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Dear Daddy-Long-Legs,

I love college and I love you for sending me—I'm very, very happy, and so excited every moment of the time that I can scarcely sleep. You can't imagine how different it is from the John Grier Home. I never dreamed there was such a place in the world. I'm feeling sorry for everybody who isn't a girl and who can't come here; I am sure the college you attended when you were a boy couldn't have been so nice.

This is from Daddy-Long-Legs by Jean Webster. Why did she say such a rude thing "I am sure the college you attended when you were a boy couldn't have been so nice"? Why did she think so, though she doesn't know about him?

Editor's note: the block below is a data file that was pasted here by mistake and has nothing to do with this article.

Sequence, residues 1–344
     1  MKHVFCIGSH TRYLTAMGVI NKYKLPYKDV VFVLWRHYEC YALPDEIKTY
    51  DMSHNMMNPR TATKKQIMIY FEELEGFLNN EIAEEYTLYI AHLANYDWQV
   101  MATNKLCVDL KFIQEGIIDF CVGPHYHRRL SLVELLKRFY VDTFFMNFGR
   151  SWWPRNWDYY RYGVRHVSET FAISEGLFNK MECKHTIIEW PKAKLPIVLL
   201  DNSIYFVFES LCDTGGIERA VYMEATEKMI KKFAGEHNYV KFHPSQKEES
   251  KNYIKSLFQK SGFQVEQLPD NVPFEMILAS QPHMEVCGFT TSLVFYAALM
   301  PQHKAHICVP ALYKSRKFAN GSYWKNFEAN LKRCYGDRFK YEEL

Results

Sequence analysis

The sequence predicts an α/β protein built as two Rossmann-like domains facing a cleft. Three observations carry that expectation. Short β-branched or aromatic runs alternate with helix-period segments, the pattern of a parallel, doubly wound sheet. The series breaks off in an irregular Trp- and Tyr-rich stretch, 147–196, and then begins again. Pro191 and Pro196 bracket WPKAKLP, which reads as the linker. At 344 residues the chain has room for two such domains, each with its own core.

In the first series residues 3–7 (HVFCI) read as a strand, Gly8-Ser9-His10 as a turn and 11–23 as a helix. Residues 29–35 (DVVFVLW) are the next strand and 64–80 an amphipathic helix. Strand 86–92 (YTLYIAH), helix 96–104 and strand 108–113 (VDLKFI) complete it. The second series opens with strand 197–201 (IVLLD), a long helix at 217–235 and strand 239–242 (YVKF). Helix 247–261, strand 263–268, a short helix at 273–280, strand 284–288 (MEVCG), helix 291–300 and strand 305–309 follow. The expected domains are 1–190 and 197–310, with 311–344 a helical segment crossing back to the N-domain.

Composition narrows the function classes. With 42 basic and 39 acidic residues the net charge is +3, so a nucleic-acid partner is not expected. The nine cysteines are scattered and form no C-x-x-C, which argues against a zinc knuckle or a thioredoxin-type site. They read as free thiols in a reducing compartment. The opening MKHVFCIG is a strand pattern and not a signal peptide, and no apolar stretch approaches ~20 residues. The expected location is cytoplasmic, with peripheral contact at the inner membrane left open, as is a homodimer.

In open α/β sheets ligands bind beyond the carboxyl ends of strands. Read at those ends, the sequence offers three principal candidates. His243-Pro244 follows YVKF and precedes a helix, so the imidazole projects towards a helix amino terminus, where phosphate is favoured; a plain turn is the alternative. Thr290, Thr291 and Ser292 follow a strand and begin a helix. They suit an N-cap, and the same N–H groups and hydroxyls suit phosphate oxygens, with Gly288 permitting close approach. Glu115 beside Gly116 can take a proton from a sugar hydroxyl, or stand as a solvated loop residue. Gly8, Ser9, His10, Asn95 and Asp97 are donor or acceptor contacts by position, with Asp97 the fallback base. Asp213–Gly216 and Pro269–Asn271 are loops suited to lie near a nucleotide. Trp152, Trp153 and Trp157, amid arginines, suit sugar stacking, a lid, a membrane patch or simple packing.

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The quoted paragraph shows the protagonist's enthusiasm about her college: she seems to believe (perhaps in an outburst of childish enthusiasm) that it is the best college in the world. As her college is only for girls, and her benefactor is a man, he couldn't have gone there; and if her college is the best in the world, then wherever he went must have been worse. She doesn't mean it in a rude way, as if to put down his education; if anything, it's more sympathetic: she's "feeling sorry for everybody who isn't a girl and who can't come [to her college]", including her benefactor.

This passage is also from very early on in the book and consequently in the protagonist's development. Presumably she doesn't yet have the maturity or social skills required to think that it may be seen as rude to be so dismissive of her benefactor's education.

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